Maude Champagne, a PhD researcher working under the supervision of Professor James Reynolds in the neuroscience department at Queen’s University, was recognized for her efforts to fill a gap in Canadian support services for children with neurodevelopmental disabilities.
After a routine survey assessing the needs of people accessing support programs for their children living with neurodevelopmental disabilities revealed an unexpected finding — an increase in dangerous behaviours at home during the pandemic — Champagne decided to take action, according to a release from Mitacs, a national innovation organization that fosters growth by solving business challenges with research solutions from academic institutions.
Thanks to her work, three innovative support services are coming to the caregiver community: Canada’s first-ever nonviolent resistance (NVR) therapy program, the first National Consortium on Aggression Toward Family/Caregivers in Childhood and Adolescence (AFCCA), and a brand new AFCCA Family Support Program.
The groundbreaking work has earned Champagne the Mitacs Award for Outstanding Innovation—PhD. The award was presented at a ceremony at the National Arts Centre in Ottawa on Tuesday, Nov. 22, 2022.
According to the release, Champagne was recognized for revealing a pattern of unmet needs for families serving as caregivers, and playing an instrumental role in bringing groups together to devise solutions. As a mother of five children, four who live with neurodevelopmental disabilities, Champagne is uniquely positioned to understand the daily challenges facing the caregiver community, Mitacs said.
“We knew at the start of the pandemic that caregivers were burnt out, so we thought we’d do a survey about services to make sure their needs were being met, and as part of that we asked how they were managing during COVID,” said Champagne, who interviewed families throughout the spring of 2020.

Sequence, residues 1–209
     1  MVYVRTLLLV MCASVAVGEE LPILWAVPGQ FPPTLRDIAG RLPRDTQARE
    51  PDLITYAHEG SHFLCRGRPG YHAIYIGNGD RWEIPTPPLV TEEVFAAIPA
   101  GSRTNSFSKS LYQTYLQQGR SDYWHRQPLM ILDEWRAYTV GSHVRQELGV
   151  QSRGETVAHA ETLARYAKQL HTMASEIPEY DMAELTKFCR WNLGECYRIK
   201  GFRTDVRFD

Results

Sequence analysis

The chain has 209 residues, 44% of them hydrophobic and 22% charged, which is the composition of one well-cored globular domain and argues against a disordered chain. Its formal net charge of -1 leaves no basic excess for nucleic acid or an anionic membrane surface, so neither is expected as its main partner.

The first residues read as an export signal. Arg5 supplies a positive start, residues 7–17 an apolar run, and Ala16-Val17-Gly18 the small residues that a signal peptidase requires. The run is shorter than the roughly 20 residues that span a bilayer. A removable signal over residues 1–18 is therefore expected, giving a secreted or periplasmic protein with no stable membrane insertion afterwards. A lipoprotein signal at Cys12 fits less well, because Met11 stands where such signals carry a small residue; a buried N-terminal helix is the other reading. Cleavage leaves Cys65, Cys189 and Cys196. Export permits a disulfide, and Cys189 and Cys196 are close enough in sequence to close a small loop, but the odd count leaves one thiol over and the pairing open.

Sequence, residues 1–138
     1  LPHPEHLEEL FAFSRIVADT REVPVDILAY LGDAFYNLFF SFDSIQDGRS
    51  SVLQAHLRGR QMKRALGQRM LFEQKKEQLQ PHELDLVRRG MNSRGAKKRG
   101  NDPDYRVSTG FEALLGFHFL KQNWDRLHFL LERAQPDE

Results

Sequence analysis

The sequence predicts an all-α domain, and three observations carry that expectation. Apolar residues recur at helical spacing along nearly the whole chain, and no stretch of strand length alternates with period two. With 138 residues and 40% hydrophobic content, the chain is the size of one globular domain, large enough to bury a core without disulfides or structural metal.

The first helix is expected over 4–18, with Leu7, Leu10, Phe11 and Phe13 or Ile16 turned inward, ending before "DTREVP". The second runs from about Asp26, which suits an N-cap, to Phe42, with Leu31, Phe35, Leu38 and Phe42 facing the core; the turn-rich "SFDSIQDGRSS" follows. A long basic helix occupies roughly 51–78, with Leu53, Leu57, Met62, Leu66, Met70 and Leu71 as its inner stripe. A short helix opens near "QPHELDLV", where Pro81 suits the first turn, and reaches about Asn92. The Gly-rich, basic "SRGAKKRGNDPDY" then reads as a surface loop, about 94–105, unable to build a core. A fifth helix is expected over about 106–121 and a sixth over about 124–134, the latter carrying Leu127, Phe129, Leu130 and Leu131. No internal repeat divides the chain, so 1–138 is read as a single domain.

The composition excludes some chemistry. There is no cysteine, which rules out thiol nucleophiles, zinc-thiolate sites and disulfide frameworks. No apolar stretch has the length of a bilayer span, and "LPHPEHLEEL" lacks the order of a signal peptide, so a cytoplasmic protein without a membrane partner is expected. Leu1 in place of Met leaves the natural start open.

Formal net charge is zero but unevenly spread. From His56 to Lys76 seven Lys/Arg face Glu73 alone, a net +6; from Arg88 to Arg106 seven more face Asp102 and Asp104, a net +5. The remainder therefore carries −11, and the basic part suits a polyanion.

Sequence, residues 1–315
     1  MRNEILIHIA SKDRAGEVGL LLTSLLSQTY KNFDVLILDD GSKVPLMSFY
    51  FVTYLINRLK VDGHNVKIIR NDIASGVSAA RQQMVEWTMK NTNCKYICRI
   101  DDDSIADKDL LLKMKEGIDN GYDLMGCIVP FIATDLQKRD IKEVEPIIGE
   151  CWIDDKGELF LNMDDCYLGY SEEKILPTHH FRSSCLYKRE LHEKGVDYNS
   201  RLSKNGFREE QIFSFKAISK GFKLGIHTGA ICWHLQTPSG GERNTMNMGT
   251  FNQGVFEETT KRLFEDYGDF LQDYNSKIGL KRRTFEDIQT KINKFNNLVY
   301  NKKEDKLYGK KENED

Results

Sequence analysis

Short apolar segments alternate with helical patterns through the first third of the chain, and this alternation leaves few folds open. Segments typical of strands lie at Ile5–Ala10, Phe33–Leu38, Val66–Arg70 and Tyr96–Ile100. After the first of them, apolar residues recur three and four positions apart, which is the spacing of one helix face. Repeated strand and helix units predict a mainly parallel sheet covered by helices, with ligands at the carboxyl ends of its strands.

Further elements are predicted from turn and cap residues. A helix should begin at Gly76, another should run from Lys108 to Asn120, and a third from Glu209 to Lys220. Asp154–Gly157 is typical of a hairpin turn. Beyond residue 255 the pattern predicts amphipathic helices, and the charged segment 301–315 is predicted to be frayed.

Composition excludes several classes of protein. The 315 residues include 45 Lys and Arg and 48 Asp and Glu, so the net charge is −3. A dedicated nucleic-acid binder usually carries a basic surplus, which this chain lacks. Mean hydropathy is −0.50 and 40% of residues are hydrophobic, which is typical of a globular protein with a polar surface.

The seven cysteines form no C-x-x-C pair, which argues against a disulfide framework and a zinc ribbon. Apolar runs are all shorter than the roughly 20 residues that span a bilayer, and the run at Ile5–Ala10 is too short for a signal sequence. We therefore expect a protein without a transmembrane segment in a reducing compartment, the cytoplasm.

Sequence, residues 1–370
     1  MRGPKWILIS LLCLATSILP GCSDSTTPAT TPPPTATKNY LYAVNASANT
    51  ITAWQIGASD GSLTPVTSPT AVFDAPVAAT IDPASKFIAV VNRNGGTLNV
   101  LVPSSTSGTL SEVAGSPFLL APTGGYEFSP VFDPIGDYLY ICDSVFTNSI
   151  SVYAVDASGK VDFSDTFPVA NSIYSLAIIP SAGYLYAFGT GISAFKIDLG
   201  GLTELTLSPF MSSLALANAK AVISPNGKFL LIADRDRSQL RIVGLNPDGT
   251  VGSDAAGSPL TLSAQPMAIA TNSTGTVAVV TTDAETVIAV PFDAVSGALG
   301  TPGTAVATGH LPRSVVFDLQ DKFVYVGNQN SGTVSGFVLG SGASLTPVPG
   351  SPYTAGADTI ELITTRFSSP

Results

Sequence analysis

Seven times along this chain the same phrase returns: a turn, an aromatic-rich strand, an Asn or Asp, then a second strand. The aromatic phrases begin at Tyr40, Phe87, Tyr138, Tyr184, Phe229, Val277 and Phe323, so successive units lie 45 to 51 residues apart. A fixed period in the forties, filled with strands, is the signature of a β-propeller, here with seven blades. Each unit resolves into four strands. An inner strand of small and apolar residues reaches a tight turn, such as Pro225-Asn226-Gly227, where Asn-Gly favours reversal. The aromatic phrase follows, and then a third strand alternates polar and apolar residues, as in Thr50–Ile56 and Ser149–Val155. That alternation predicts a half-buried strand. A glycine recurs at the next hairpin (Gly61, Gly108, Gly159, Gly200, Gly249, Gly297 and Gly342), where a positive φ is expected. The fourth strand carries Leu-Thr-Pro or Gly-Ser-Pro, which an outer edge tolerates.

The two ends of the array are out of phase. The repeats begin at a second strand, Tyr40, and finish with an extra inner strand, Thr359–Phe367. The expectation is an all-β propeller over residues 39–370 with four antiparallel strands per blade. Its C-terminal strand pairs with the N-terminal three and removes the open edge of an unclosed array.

“To our surprise, the most notable finding was that they were willing to open up about aggression towards family members, and how it was aggravated by lockdowns,” she said.
The survey — conducted through Champagne’s collaboration with Kids Brain Health Network (KBHN) and ABLE2, a not-for-profit organization that provides disability support services — pointed to an increase in daily verbal and physical aggression, with some families disclosing they had been threatened by their child with a knife or sharp object, or punched while driving, according to Mitacs. When they went to their local emergency room for help, the organization said that families were often told to return home because the hospital didn’t have capacity to treat their child.
“Sometimes they had no choice but to call Child Protective Services to say ‘come and get my child,’ and that’s the last thing they want,” explained Champagne. “Right away, we knew we had to do something.”
When she couldn’t find applicable resources in Canada, Mitacs said that Champagne looked abroad and discovered NVR, an innovative form of systemic family therapy which is widely used in the U.K. to manage aggressive, violent, controlling, and self-destructive behaviour in young people. KBHN quickly rolled out a pilot program and, by the fall of 2020, interested families were participating in the 13-week intervention.